Netflix' original streaming programming has been hitting on all cylinders lately. Will this new musical comedy fantasy be the next one to score? UPDATED 12/5/2015.
WASHINGTON, Dec. 4, 2015 – Though we haven’t been privileged with advance copies, we learned this week that Netflix was to launch its first-ever Christmas special Friday. Given the high quality of recent Netflix originals (“Longmire,” “Daredevil,” and now “Jessica Jones”) this one may be worth a try, even sight unseen. (But see UPDATE below.)
Shades of “Scrooged!” The very title of this made-for-download special — “A Very Murray Christmas” — is your first tip that something interesting is afoot. In this show, Bill Murray and his weirdly attractive cynical personality return to the holiday genre, joined this time by a considerable number of his closest film and TV friends.
Special guests/characters range from the ubiquitous Paul Shaffer to Amy Poehler, Chris Rock, Jason Schwartzman and even that immortal if obnoxious Queen of Twerk, Hannah Montana… er, Miley “the Tongue” Cyrus. (And she’s actually wearing clothes… probably a good thing, given this writer’s rapidly aging ticker.) So move over, Mick Jagger.
We first discover Netflix Bill reluctantly trapped by contract and circumstance, serving as host for a live, internationally broadcast New York TV Christmas special that gets knocked off the air by a blizzard. Now what do we do, kids? If you look outside, you can’t even see those city sidewalks, busy sidewalks, dressed in holiday style… They’re buried in drifting snow.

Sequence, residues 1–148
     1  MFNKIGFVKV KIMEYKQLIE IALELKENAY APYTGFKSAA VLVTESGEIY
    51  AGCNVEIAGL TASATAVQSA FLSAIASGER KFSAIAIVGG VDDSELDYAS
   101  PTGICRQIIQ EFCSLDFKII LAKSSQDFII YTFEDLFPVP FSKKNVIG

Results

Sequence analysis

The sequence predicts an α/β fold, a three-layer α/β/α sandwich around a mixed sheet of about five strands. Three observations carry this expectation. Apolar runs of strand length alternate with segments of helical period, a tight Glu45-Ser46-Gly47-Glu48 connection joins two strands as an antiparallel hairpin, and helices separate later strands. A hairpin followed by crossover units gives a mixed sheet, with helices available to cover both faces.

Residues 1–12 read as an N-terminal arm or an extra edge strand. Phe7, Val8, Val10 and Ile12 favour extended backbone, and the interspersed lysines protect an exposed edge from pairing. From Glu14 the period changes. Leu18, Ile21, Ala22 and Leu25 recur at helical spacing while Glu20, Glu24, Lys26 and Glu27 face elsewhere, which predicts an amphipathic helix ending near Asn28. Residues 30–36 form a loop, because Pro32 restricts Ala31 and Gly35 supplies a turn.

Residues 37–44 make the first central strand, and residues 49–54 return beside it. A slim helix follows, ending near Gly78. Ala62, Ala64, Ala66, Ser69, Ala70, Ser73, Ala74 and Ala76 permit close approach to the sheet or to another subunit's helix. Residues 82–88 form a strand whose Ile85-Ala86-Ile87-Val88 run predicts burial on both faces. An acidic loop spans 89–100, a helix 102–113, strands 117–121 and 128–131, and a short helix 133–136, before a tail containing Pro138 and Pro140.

So, hell, let’s do a show… for ourselves! Shades of Mickey Rooney and Judy Garland! Throw out the script! Party time! And if she shows ups, let’s see what us old macroaggressive dudes can talk Miley into doing…
It’s at this point that the almost vaudeville-style part of the story gets underway, at first quietly and unobtrusively in the bar of the hotel where Bill’s now-aborted show was about to unfold. The bar segment is propelled by several characters and cameos, as well as some improbable (and bad) singing by several of the revelers, at least according to sources who got a sneak peak.
But via a fanciful plot twist, we’re ultimately transported from this intimate bar setting to a fabulous soundstage that’s reminiscent of what you’d see in a 1930s movie musical. It’s loaded up with lots of fake holiday trappings including fake snow, outrageous showgirls and a gleaming white piano in full-Liberace mode. Eat your heart out, Las Vegas.
This Netflix streaming special was penned by Murray, Mitch Glazer and the production’s director, Murray’s longtime pal Sofia Coppola, who back in 2003 directed Murray in the arty, surprise hit “Lost in Translation.”
That film was also notable for the first major appearance of a young ingénue and soon-to-be-major-motion picture-star Scarlett Johansson as a rock star’s neglected bride.
As for tonight’s show—well, we don’t know, since we didn’t get that preview DVD. But with its running time of slightly under an hour, we’re willing to give it a shot. We’ve already lost days of our lives pursuing far more foolish endeavors.